There is a blog post written by Julia Evans about fear, and how it can make people worse programmers. I think that it is well known, and if not then it deserves to be; I have found it to be very useful advice.
There’s also a great talk that Gian-Carlo Rota gave at MIT which I think serves as an excellent corollary
There are two kinds of mistakes. There are fatal mistakes that destroy a theory; but there are also contingent ones, which are useful in testing the stability of a theory.– Gian-Carlo Rota, “Ten Lessons I wish I had been taught“
Rota was talking about mathematics, but I think this applies equally well to programming. Evans’ advice works extremely well for cases where you make small changes to a software system (if you have comprehensive automated tests1), but when making larger (and fundamental) changes the “dive in and hope for the best” approach can run into trouble. Instead, here, a more “fearful” approach involving a bit more high-level thought and testing can pay dividends before implementing anything.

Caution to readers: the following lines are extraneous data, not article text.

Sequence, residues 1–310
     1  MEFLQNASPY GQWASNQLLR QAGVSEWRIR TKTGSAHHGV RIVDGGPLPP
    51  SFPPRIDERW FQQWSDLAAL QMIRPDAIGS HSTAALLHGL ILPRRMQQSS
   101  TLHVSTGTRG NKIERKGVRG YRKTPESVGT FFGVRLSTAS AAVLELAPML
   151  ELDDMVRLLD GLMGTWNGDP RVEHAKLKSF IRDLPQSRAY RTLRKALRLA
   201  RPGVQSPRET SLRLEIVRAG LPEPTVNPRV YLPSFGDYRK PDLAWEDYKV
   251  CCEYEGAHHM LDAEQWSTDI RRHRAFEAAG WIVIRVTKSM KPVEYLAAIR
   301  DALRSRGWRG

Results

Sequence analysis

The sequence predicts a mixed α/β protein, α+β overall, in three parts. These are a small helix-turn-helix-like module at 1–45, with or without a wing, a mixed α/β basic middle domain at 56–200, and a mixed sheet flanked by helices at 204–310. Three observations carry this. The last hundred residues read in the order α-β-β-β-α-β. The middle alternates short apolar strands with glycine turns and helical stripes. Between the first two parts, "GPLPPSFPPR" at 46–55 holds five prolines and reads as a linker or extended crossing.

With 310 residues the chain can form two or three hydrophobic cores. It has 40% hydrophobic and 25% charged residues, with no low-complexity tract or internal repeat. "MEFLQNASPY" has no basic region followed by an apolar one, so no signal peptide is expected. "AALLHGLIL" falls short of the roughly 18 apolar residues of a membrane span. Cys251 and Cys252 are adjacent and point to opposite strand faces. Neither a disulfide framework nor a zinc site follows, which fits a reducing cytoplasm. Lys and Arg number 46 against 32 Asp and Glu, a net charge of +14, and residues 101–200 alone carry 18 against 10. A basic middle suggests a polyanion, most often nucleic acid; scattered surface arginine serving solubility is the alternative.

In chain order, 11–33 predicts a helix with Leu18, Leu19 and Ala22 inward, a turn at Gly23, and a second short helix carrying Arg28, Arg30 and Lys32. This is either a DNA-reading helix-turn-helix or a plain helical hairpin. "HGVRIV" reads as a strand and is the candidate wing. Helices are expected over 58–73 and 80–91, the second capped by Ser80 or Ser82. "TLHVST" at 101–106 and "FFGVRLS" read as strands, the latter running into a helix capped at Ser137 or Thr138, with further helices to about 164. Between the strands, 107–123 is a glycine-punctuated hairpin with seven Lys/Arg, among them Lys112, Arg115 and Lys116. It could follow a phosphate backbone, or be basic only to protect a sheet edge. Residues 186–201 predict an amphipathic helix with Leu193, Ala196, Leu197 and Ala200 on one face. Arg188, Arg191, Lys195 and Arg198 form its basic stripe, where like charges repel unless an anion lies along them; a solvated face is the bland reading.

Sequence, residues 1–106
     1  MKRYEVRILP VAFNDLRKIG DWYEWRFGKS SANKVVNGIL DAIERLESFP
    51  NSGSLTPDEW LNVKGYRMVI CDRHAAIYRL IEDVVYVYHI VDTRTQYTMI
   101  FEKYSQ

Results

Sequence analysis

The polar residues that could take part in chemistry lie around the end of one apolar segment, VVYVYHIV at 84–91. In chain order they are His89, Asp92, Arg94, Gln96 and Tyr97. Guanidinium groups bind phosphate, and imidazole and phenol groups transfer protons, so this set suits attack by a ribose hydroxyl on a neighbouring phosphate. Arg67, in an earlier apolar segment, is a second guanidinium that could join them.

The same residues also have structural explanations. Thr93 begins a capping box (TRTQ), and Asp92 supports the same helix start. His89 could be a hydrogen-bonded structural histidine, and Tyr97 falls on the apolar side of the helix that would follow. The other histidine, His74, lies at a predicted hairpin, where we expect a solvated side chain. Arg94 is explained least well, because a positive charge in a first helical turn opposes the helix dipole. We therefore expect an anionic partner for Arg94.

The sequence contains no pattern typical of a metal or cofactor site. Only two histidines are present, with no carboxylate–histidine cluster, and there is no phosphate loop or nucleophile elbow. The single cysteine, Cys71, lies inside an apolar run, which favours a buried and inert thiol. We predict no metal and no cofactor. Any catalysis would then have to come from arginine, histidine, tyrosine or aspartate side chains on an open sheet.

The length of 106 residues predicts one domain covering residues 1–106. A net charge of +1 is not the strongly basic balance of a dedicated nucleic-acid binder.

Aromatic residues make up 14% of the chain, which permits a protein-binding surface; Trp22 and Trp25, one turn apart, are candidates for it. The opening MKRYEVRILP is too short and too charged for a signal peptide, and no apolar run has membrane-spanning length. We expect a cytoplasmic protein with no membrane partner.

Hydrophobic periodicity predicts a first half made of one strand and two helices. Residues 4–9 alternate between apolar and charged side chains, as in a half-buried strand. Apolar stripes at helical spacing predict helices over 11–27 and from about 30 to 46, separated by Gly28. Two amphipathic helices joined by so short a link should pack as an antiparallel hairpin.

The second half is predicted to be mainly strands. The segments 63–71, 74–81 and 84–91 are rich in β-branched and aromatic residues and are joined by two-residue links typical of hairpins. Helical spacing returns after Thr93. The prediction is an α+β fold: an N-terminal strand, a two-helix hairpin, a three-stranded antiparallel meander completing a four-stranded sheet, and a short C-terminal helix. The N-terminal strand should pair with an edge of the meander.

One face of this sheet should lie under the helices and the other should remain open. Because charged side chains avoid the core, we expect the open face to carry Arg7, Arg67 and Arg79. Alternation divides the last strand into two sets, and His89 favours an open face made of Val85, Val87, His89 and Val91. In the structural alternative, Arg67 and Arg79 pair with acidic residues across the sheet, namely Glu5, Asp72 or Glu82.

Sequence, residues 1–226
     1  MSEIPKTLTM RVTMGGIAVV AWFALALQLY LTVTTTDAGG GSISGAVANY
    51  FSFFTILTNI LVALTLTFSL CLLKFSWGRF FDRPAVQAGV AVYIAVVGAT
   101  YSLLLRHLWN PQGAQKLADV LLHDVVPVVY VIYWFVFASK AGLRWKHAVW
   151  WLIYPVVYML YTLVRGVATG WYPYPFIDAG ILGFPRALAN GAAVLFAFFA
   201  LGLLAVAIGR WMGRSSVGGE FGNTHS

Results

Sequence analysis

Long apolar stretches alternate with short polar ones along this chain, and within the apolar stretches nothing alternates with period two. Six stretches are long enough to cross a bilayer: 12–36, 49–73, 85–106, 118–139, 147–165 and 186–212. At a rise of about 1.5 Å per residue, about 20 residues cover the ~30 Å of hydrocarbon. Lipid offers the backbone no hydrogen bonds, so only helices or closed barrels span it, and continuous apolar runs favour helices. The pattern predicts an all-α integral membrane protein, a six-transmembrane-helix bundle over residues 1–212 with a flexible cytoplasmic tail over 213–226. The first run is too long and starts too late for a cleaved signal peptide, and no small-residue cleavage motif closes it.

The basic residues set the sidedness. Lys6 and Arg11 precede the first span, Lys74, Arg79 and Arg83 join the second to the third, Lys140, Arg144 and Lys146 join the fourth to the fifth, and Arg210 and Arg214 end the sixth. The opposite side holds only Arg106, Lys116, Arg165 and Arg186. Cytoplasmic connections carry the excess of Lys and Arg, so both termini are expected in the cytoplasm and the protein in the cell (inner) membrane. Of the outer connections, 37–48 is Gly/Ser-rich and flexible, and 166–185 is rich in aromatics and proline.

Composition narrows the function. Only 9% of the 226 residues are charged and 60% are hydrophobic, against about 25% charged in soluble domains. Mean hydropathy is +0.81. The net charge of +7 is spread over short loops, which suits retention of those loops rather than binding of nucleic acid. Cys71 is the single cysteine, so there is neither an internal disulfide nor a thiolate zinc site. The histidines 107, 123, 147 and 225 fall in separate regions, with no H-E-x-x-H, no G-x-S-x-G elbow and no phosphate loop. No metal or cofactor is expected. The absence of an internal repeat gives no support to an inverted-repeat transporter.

I suppose a good rule of thumb2 is to worry much less about the small things and much more about the big things.
- I find it funny that although a good proportion of people who write software accept that the engineering standards in the software industry are substandard, adoption of more sophisticated testing approaches (where tests are automatically generated by a computer rather than human-written) hovers somewhere around the 0% mark (purely on anecdotal evidence).
Dan Luu has written a blog post on this and Alex Weisberger writes a blog exploring how we can better test classes of applications common in the software industry. ↩︎
- Applicable not just to programming, but to many other areas of life. If you’re thinking “well, duh it’s such a generic statement”, I think there are lots of things which are very simple to understand conceptually but challenging to apply in the moment. ↩︎